GoodRX faces fines under FTC breach notification rule
February 7, 2023
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CPPA Approves Final CPRA Regulations
The California Privacy Protection Agency (CPPA) approved, in its February 3 board meeting, final regulations under the California Privacy Rights Act (CPRA).
Other than minor, non-substantive changes, the regulations reflect the version released in November 2022.
The regulations will next be submitted to the California Office of Administrative Law for approval. If approved, the regulations are expected to take effect in April 2023.
The CPRA enforcement grace period ends July 1, 2023, so the California regulations will provide businesses with guidance to understand how the CPRA will be interpreted by the CPPA for enforcement purposes.
The regulations include several requirements relevant to the digital marketing industry, including the manner in which businesses must or can respond to opt-out preference signals like the Global Privacy Control (GPC).
Apple Receives Privacy Class Action New York, Adding to the List
A class action complaint was filed in New York federal court February 2, adding to a growing list of class actions against Apple across the U.S.
The lawsuits are all based on Apple’s allegedly deceptive use and sharing of first-party data after users have turned off the device’s analytics settings, and despite Apple marketing messages promising privacy.
This is the second lawsuit of its kind filed in New York, and three other lawsuits have been filed in Pennsylvania and California.
The complaints alleging various common law and state law violations, including invasion of privacy, breach of implied contract, unjust enrichment, and laws prohibiting deceptive acts or practices or false advertising.
Use of these types of laws and common law claims has increasingly become a common practice in privacy class action lawsuits, demonstrating a potential need for companies to take a step back from the granular requirements of GDPR and CCPA and ensure their privacy practices are conceptually clear and understood by consumers.
FTC Files $1.5MM Enforcement Action Against GoodRX for Data Sharing
For the first time, the Federal Trade Commission leaned on the FTC Health Breach Notification Rule to take action against a digital health platform for sharing personal health information for advertising purposes.
GoodRX, a telehealth and prescription drug discount provider, was allegedly engaged in various data sharing practices, including sharing lists of users who had purchased certain medications, along with contact information, with Facebook to identify their profiles and target them with health-related advertisements, in a manner inconsistent with the company’s privacy promises.
The FTC found that these practices constituted unauthorized disclosures under the Health Breach Notification Rule.
In its proposed order, which must be approved by a federal court before it is final, the FTC fined GoodRX $1.5 million, permanently prohibited GoodRX from disclosing user health information with third parties for advertising purposes, and required user consent (without dark patterns) for any other data sharing, among other requirements.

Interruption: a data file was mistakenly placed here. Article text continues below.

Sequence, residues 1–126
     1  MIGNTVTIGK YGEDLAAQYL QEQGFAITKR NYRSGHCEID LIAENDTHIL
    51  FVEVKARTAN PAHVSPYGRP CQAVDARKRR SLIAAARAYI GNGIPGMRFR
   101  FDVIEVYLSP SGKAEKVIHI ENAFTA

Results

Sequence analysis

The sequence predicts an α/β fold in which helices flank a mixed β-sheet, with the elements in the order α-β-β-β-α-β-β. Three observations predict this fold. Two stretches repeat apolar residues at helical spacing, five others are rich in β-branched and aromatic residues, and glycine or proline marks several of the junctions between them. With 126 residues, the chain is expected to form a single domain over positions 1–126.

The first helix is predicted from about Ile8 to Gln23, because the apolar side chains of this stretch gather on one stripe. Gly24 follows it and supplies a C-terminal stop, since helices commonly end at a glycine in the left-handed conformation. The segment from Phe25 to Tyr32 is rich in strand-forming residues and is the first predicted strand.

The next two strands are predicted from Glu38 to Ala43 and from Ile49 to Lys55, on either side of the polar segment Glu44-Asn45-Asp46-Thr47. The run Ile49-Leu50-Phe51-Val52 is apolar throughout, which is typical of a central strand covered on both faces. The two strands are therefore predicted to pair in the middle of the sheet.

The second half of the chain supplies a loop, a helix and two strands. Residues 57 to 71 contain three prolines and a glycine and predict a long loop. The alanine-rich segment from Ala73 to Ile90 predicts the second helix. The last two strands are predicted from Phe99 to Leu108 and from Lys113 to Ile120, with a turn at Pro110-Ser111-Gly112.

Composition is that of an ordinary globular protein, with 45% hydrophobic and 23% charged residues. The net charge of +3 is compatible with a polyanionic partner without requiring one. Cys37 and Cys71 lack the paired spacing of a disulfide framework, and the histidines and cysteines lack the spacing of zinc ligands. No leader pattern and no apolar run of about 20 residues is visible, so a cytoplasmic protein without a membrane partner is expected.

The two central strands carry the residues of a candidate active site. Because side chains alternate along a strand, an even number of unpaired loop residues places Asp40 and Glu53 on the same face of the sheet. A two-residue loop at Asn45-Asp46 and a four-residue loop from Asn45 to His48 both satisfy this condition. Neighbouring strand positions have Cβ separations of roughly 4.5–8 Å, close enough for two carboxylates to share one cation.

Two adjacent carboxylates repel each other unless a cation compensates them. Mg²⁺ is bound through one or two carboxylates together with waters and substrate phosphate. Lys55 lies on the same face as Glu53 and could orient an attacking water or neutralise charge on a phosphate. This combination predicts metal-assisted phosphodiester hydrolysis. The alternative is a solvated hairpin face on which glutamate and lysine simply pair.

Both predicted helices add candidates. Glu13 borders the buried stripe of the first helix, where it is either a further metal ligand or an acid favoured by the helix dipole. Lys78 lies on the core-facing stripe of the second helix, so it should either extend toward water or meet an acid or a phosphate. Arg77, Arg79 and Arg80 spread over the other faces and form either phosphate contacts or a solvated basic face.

The FTC Health Breach Notification Rule was issued in 2009 and applies to entities that are not covered by the Health Insurance Portability and Accountability Act.
The rule requires notification to impacted consumers, the FTC, and in some cases the media, of any breach of unsecured identifiable health information.
It was never enforced, but in 2021, the FTC issued a statement putting mobile health apps on notice and reminding them to examine their obligations under the Rule.
The statement also clarified that a “breach” is not limited to cybersecurity intrusions but could also include sharing of covered information without individual authorization.
This GoodRX enforcement action is the FTC’s first action under such guidance.
European Commission Publishes Study Indicating “A Strong Case to Reform Digital Advertising”
The European Commission on January 30, 2023 published a ‘Study on the impact of recent developments in digital advertising on privacy, publishers and advertisers“.
The study outlines the background of digital advertising, including how it has evolved and the impacts it (particularly targeting and profiling) has had on democracy and society in the EU, as well as the distribution of advertising spend across the digital advertising ecosystem.
It posits that “there is limited evidence to suggest that there are sufficient gains for advertisers and publishers in terms of efficiency and efficacy to outweigh the societal impacts, especially in relation to ads bought directly from large platforms” and assesses alternative digital advertising models that involve less or no personal data and/or less data sharing with third parties, including contextual advertising, local profiling and subscription models.
Overall, the study concludes that “there is a need to improve transparency and accountability, increase individuals’ control over how their personal data is used for digital advertising and address a number of obstacles that make it harder for advertisers and publishers to ‘know their audience'”.
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A Little Privacy, Please weekly recaps are provided for general, informational purposes only, do not constitute legal advice, and should not be relied upon for legal decision-making. Please consult an attorney to determine how legal updates may impact you or your business.
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